© UK Parliament / Jessica Taylor
Westminster was largely taken by surprise when the Commons defeated Labour’s latest move to block no deal yesterday – particularly with a difference of 11 votes, a smaller margin than the Cooper amendment loss but still significant in these knife-edge Brexit votes. 10 Remainer Conservative MPs defied their party whip to support the cross-party motion that would have given control of the parliamentary agenda to MPs for one day. A few more intentionally abstained. But it wasn’t enough to make up for the eight Labour MPs who opposed the motion and the few who actively abstained (most of those with ‘no vote recorded’ were authorised absences). Check out the full lists of rebels here.
We are one step closer to no deal, which is an outcome that I think only one Labour MP prefers over leaving with a deal. (Although some of the Labour Leavers’ preferences for a deal rely on the belief, shared by many Tory Brexiteers, that a backstop-free one is possible to negotiate.) Why, then, did so many not seize the opportunity to give parliament some control over the Brexit process in what might have been the perfect moment, when there is barely a functioning government?
Apart from the most obvious reason, that their constituents simply want them to ‘get on with it’, some are hopeful that there will be another opportunity to vote for a deal. Gareth Snell, who abstained, revealed in the debate that he regretted voting against Theresa May’s deal and would “now vote for a deal if a deal is brought forward”. If that’s not the case because the next Prime Minister fails to secure some kind of agreeable ‘alternative arrangements’ solution and doesn’t put the withdrawal agreement back to the Commons, there is an assumption that there will be another opportunity to block no deal. Perhaps at the very last minute.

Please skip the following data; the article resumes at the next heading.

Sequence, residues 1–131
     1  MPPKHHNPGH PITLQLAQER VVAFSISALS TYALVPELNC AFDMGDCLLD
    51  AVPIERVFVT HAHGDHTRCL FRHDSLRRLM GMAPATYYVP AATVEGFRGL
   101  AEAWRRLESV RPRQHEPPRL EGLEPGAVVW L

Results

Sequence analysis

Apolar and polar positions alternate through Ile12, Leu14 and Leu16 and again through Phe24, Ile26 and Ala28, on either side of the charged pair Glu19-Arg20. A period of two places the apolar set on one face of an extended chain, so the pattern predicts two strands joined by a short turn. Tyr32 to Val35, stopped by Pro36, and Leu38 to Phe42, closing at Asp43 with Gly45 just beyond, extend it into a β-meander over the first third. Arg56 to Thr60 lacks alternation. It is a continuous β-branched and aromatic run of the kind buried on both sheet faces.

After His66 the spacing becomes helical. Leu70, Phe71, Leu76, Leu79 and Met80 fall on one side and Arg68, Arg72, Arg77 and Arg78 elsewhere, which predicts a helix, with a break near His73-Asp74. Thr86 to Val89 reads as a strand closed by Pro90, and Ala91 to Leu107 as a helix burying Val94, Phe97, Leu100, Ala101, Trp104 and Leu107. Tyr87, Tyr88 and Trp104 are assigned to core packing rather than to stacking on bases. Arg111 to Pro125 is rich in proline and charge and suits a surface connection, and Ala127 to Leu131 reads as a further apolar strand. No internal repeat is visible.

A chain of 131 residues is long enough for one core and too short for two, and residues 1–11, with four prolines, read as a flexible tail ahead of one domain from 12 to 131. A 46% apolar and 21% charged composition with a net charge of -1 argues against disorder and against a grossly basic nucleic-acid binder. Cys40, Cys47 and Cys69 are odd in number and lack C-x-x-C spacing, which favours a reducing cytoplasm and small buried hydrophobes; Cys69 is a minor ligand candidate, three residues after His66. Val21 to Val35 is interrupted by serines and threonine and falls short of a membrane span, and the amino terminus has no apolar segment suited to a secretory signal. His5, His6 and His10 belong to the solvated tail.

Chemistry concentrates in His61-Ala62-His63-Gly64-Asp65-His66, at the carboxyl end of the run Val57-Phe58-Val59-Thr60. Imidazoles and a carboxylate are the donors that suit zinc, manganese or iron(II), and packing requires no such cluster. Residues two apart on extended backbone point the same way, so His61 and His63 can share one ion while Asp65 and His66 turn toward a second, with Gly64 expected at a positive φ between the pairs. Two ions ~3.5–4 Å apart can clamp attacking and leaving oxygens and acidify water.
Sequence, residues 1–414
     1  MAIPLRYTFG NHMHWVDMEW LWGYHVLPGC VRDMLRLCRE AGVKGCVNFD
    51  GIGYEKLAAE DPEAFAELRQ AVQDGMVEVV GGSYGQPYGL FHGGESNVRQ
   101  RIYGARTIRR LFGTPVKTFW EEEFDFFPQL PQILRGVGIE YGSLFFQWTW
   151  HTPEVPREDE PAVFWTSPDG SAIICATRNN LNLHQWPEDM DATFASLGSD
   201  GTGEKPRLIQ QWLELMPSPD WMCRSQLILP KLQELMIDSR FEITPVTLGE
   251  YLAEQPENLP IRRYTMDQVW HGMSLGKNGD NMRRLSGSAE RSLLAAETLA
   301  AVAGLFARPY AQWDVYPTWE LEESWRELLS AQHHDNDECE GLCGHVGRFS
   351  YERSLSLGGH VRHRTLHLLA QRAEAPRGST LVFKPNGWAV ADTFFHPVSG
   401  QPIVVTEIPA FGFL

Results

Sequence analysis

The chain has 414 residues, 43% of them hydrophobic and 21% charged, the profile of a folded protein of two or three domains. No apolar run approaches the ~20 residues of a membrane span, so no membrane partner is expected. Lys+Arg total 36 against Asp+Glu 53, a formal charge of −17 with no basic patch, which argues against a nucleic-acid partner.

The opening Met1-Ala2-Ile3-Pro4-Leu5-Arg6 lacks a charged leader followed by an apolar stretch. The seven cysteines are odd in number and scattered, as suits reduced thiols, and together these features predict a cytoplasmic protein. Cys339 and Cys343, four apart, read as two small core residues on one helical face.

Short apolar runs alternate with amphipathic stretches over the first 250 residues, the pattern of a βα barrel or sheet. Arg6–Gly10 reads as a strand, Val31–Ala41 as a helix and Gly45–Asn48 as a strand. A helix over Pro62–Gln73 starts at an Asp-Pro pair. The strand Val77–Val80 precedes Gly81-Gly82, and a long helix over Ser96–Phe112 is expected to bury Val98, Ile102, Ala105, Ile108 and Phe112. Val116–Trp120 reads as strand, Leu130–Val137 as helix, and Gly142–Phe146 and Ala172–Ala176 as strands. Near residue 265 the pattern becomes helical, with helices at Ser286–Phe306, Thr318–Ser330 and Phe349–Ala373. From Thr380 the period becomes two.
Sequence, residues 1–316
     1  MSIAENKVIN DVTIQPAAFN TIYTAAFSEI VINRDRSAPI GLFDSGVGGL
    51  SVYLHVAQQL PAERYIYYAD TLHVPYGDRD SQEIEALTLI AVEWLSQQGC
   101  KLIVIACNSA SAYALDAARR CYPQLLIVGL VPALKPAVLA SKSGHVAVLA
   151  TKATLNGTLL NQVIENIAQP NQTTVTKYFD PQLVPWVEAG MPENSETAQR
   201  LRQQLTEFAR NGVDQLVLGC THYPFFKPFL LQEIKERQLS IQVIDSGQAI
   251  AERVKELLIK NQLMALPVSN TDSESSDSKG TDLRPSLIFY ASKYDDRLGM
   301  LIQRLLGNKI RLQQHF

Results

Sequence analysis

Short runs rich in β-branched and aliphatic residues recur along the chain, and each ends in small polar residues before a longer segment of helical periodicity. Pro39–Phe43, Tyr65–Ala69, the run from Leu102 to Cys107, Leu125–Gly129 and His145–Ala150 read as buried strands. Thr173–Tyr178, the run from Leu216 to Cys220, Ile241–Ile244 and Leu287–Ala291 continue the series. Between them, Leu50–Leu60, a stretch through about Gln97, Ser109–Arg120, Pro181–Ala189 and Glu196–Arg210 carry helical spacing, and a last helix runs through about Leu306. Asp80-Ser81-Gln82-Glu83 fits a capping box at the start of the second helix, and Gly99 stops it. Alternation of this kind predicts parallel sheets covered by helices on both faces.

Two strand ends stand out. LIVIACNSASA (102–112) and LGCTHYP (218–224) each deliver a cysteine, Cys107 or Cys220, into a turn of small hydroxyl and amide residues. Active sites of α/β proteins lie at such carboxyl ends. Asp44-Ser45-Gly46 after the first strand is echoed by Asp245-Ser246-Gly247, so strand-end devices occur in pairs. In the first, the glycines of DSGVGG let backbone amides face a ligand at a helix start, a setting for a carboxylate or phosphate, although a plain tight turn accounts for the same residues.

Big risks are being taken, but we don’t know quite how big yet. That’s why we should keep a close eye on the Tory leadership contest. It enters its next phase today – the first round of voting, which will see at least one candidate eliminated. Each hopeful needs the support of 16 colleagues to make it through. We’re already aware that outsiders such as Mark Harper and Rory Stewart don’t have a chance. The most important thing is that the results, expected around lunchtime, will give some indication as to how close Boris Johnson is to getting through to the head-to-head. Once he hits 105, only Tory members can stop him, and we know they won’t. Sign up to LabourList’s morning email for everything Labour, every weekday morning.